As a small church pastor, I can’t tell you how many times people have said to me, “Kevin, we love you and we love this church, but our kids are getting older and we need to find a church with a better program for them.” Or, “Kevin, we love you and we love this church, but we just fill our needs are not being met.” In other words, what they are saying is, “Kevin, we love you and we love this church, but you don’t have anything to offer me.”
Nothing could be further from the truth! Small churches offer relationships. Small churches offer a place for all ages to worship and work together. Small churches offer people the opportunity to be vulnerable, to use their spiritual gifts, to get involved, to make a difference, to grow. Mega churches offer these opportunities as well, but every mega church pastor I know will tell you the best place for those things to take place is in small groups. Well, small churches are small groups that operate 24-hours a day, 7 days a week, 365 days a year. (Side Note: I find it interesting that while many small churches spend a lot of time and resources trying to be large, large churches spend a lot of time and resources trying to be small. Would we, as churches, not be better stewards spending our time and resources being the best we can be at who God made us to be, instead of trying to be something we are not?)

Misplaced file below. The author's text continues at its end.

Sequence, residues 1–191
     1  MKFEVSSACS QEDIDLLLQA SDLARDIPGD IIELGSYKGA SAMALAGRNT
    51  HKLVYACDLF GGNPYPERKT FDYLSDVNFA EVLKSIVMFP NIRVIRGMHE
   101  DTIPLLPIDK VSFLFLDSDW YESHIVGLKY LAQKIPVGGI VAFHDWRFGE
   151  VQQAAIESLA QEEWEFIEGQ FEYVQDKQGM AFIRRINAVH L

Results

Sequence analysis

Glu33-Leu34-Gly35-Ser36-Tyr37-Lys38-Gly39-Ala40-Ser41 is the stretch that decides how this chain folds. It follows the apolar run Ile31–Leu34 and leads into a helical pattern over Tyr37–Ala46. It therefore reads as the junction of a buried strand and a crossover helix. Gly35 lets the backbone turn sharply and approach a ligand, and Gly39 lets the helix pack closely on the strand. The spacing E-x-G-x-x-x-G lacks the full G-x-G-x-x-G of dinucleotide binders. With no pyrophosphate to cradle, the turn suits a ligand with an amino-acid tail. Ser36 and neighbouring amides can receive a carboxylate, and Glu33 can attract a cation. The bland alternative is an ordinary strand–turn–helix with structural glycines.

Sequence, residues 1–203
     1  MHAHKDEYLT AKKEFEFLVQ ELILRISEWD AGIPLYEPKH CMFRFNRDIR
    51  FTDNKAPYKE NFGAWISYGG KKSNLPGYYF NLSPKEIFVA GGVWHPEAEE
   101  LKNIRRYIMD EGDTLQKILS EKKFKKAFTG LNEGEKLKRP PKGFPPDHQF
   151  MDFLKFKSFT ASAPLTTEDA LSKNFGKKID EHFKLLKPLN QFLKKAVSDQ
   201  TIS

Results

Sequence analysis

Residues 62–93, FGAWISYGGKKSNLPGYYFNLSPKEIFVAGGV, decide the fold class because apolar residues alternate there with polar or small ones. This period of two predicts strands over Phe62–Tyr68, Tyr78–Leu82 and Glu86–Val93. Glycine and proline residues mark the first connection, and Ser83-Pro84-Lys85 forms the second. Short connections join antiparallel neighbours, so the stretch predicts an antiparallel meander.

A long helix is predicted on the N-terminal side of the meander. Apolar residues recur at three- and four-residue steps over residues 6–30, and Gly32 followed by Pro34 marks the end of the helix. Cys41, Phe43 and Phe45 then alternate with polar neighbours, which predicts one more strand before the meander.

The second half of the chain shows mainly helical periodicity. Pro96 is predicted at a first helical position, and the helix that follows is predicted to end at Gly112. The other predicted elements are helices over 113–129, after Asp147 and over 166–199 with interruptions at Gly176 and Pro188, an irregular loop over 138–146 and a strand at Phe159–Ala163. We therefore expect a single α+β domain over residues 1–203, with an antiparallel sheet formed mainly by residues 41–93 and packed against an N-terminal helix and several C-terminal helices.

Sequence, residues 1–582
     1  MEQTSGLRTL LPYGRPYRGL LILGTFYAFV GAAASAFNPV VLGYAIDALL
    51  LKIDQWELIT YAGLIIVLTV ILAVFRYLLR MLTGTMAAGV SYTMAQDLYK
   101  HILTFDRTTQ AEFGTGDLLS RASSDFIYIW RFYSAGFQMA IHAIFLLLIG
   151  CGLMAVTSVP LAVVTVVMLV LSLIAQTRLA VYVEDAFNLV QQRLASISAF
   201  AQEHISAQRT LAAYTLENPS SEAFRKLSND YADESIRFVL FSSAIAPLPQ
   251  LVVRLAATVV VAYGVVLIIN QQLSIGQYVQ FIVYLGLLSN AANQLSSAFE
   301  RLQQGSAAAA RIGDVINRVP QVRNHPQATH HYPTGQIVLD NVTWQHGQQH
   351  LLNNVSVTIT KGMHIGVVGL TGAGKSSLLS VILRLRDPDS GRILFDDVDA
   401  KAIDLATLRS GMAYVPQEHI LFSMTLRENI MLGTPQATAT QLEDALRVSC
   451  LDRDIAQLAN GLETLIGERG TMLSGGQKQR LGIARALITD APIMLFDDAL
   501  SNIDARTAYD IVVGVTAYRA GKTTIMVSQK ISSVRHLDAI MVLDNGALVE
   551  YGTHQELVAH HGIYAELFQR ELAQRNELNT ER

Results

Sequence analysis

After reflecting on these four myths of small churches, I have reached the same conclusion as my friend who blogged about myths of mega churches. God uses all size churches to reach all kinds of people. God needs all size churches to reach all kinds of people. Those of you like me, who live and work in the small church world, need to recognize the need, and important role, large churches play in God’s Kingdom and quit spreading rumors about how you think large churches operate. Likewise, those of you who live and work in the mega church world, need to recognize the need, and important role, small churches play in God’s Kingdom, and quit looking down your noses, and spreading rumors, about how you think small churches operate.
We need each other, and we need to cooperate and encourage one another, instead of compete and criticize each other.